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Welcome to the IEEE Brain Podcast Series. Listen to some of the top subject matter experts as they discuss their research and career path.
Dec 22, 2020
Episode 18: Q&A with Dr. Jose Carmena, University of California, Berkeley and Iota Biosciences
In this episode, Jose Carmena from UC Berkeley discusses his firsthand experiences moving from academia to launching the neuroscience start up Iota BioSciences. Jose informs on his company’s technology, provides insights on Neurotech evolution, and sheds light on challenges and opportunities in the technology space.
Nov 10, 2020
Episode 17: Q&A with Dr. Cristin Welle, Associate Professor, Departments of Neurosurgery and Physiology & Biophysics, University of Colorado
In this episode, Cristin Welle discusses her research that lies at the intersection between neural device technology and their implications in the nervous system. Having previously worked at the FDA focused on neural interface technology, Cristin provides valuable insights on entrepreneurial opportunities, regulatory issues, and the importance of promoting diversity in the neuroscience community.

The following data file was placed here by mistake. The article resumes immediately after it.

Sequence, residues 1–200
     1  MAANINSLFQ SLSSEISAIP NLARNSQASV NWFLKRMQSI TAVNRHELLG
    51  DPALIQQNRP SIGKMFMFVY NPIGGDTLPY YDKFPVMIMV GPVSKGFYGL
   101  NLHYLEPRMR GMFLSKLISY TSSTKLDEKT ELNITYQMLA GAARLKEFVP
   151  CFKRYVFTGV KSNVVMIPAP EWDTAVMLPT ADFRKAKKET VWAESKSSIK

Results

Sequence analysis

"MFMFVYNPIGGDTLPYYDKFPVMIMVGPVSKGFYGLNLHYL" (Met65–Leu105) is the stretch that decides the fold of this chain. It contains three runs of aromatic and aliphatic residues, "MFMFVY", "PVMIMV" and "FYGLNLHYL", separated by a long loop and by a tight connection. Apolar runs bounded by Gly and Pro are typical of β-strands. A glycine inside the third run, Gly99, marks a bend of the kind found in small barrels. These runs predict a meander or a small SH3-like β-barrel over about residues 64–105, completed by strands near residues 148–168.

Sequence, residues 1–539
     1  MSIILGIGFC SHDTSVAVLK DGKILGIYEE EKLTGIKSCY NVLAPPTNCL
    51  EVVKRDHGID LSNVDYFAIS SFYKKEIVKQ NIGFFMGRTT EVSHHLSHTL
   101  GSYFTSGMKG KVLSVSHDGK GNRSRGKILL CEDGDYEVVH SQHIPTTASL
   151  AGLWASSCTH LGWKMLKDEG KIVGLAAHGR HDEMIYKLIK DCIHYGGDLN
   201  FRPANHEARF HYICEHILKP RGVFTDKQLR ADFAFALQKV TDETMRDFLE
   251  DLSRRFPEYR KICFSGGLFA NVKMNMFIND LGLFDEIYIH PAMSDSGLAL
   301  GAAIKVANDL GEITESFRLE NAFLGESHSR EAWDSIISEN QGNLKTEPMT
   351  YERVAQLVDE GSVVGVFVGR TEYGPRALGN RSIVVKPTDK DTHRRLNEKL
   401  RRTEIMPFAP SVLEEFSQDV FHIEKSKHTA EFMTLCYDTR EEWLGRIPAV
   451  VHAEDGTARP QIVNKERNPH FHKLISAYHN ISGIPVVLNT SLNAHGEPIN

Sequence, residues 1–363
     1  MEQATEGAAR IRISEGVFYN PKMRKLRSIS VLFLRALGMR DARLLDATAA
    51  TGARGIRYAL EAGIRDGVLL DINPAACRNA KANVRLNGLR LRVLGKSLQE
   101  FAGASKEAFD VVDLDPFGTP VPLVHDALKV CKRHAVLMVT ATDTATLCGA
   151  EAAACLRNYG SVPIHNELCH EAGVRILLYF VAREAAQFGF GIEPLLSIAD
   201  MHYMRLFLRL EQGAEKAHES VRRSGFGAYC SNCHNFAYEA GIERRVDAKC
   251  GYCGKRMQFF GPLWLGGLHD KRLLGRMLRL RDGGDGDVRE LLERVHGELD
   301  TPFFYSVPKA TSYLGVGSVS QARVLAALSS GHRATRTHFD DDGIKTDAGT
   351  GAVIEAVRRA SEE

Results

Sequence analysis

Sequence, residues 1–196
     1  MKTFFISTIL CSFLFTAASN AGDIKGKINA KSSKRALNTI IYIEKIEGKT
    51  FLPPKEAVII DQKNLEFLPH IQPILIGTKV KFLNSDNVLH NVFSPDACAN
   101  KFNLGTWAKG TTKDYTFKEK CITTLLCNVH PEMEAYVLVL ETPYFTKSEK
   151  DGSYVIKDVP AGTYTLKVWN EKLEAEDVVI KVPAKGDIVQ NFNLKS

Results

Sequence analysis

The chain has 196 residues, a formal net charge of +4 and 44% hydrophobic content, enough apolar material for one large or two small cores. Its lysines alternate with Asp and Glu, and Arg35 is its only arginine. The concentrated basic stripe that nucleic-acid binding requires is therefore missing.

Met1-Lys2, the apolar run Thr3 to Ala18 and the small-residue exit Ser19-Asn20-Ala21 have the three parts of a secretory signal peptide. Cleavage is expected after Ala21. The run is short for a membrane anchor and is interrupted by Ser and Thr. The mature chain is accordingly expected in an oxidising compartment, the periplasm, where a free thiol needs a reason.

Sep 2, 2020
Episode 16: Q&A with Dr. Christopher Rozell, Professor of Electrical and Computer Engineering, Georgia Institute of Technology
Artificial Intelligence holds great promise in the advancement of neuroscience. This podcast features Dr. Chris Rozell, professor of electrical and computer engineering at the Georgia Institute of Technology and leader of the Sensory Information Processing Lab. As a member of IEEE Brain and an educator and researcher working on developing technology to enable interactions between the brain and artificial intelligence systems, Dr. Rozell shares his insights on the neuroscience landscape, informs on opportunities for technology advancement and offers advice for students and young professionals who might be interested in pursuing a career in this exciting field of study.
Feb 11, 2020
Episode 15: Q&A with Dr. Laura Specker Sullivan, Assistant Professor of Philosophy, College of Charleston
In partnership with IEEE EMBS. Ethics, as it relates to neuroscience, continues to grow in importance in light of ongoing advancements in neurotechnology. In this podcast, Laura Specker Sullivan, Assistant Professor of Philosophy at the College of Charleston and Clinical Ethics Consultant at the Medical University of South Carolina, provides insights on ethical challenges and ways to ensure ethics are prioritized within neuroscience, and she gives advice how students might explore opportunities related to this growing field of interest.
Dec 17, 2019
Episode 14: Q&A with JoJo Platt, President of Platt and Associates, Inc.
In partnership with IEEE EMBS. Bioelectronics medicine is a growing field underpinned by bioelectrical engineering, neuroscience and molecular biology technologies. In this podcast, JoJo Platt, president of Platt and Associates, points to a collaborative and unifying approach for achieving new discoveries and applications in bioelectronics medicine, touching upon key issues such as ethics, security, and the advantages of a tangential education for young engineers.